Making the world safe and secure from emerging infectious and neglected tropical diseases by applying One Health – the synergy of animal, human, and environmental sciences – to global health and security.
Article originally published in October 2017 Dean's Corner. View original story here.
Texas A&M graduate students from Iraq had the unique opportunity to learn about biosafety and biosecurity with experts from the College of Veterinary Medicine & Biomedical Sciences (CVM), TAMU Global One Health, and the CVM's Department of Veterinary Pathobiology (VTPB), in partnership with Sandia National Laboratories in New Mexico, on July 26-28 during the first Biorisk Management Workshop.
The three-day activity included 30 Iraqi biological science and engineering graduate students, as well as additional faculty, staff, and external experts. Members of the lead team are Angela Arenas, VTPB assistant professor; Rosina “Tammi” Krecek, research professor of Global One Health; and Gerald Parker, associate dean of Global One Health.
The workshop, themed “Empower,” was designed to promote a foundational knowledge about biothreat reduction to better prepare students to conduct their own scientific research through safe and secure methods. The impact and implications of this capacity-building will be carried back to Iraq when the students return to their home country after completing of their TAMU degrees.
“This workshop contributes to the mission of engaging cooperative international research and training partnerships to reduce the threat to the U.S. and to global health security from the spread of pathogens of security concern,” Krecek said. “These include U.S. Biological Select Agents and pathogens of pandemic potential, emerging, and reemerging infectious diseases.”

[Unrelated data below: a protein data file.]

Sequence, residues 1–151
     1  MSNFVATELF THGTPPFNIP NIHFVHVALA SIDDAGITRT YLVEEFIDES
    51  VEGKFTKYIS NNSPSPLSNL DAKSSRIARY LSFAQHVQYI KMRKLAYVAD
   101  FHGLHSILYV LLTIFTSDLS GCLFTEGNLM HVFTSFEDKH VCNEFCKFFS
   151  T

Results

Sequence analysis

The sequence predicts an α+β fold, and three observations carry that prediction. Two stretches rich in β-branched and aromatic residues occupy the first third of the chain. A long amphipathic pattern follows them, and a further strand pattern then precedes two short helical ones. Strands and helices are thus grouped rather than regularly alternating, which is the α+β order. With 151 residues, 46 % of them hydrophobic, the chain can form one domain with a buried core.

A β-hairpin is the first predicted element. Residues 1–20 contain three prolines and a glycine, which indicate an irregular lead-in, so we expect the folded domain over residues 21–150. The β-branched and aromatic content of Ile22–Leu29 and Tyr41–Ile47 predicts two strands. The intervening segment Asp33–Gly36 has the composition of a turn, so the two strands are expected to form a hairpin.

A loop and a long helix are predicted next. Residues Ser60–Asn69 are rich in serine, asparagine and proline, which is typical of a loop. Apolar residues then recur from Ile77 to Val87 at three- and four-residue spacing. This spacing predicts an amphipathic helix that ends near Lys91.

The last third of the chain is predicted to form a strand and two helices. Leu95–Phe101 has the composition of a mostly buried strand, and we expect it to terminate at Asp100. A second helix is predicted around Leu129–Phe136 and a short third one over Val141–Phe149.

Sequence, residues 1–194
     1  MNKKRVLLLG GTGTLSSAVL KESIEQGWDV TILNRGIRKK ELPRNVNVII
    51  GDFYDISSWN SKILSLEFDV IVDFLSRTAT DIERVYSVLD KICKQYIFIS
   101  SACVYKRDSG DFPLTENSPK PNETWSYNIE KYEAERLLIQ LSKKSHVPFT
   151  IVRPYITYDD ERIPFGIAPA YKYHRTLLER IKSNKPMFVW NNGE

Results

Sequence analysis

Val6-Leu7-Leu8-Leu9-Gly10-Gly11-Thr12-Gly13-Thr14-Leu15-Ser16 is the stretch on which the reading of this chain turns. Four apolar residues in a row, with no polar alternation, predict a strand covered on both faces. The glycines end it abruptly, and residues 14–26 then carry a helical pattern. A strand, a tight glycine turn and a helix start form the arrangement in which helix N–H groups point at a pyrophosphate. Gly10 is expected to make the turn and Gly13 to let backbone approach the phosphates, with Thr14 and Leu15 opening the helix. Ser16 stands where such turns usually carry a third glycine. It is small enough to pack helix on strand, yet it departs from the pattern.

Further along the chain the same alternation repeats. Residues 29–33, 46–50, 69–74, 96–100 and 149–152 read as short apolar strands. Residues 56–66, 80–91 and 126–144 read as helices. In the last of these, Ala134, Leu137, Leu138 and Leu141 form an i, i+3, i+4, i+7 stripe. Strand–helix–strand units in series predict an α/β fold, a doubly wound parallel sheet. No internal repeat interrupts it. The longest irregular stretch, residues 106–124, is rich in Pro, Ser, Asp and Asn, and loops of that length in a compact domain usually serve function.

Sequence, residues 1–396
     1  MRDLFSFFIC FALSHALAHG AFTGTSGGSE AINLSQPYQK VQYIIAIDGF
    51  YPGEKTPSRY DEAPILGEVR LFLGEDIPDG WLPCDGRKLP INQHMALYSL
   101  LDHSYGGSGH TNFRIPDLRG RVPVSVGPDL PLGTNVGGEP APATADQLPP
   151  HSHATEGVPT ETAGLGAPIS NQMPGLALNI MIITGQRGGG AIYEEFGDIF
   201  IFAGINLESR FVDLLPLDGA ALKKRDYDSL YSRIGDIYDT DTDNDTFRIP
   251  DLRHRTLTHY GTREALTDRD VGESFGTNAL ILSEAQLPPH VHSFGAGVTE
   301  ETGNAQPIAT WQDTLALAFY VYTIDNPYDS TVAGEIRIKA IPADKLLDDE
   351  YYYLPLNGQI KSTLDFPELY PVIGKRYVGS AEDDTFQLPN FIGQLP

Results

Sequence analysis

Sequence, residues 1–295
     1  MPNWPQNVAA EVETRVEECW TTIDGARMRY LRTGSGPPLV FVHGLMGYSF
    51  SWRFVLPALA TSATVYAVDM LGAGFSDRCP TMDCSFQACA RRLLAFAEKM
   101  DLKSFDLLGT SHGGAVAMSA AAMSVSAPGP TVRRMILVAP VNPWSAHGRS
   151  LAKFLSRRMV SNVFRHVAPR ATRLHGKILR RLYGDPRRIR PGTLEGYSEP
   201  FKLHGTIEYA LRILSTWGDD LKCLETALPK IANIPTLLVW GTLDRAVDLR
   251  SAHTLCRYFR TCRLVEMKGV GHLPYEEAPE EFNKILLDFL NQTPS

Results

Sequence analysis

Key elements of the workshop included: orientation on biosafety and biosecurity; risk mitigation strategies; ethics in biological and multi-disciplinary research; performance assessment; TAMU and external keynote speakers; and collection of workshop evaluation/feedback. The workshop also included experiential and interactive components, including networking lunches and a networking dinner.
Another goal of the workshop was to assess future training needs and desires within the Iraqi student population at TAMU, according to Krecek.
“This first workshop has strengthened and established a community of Iraqi scholars conscious of biorisk management issues ready to collaborate now and into the future with one another and with faculty/staff at TAMU and at Sandia National Laboratories,” Krecek said. “Assessing the training needs and desires of these next-generation leaders in scientific research in Iraq will enable effective planning for future workshops to build long-term capacity.”
The Texas A&M Global One Health programs work to address societal needs through sustainable solutions with an interdisciplinary approach at the intersect of animal, human, and environmental health.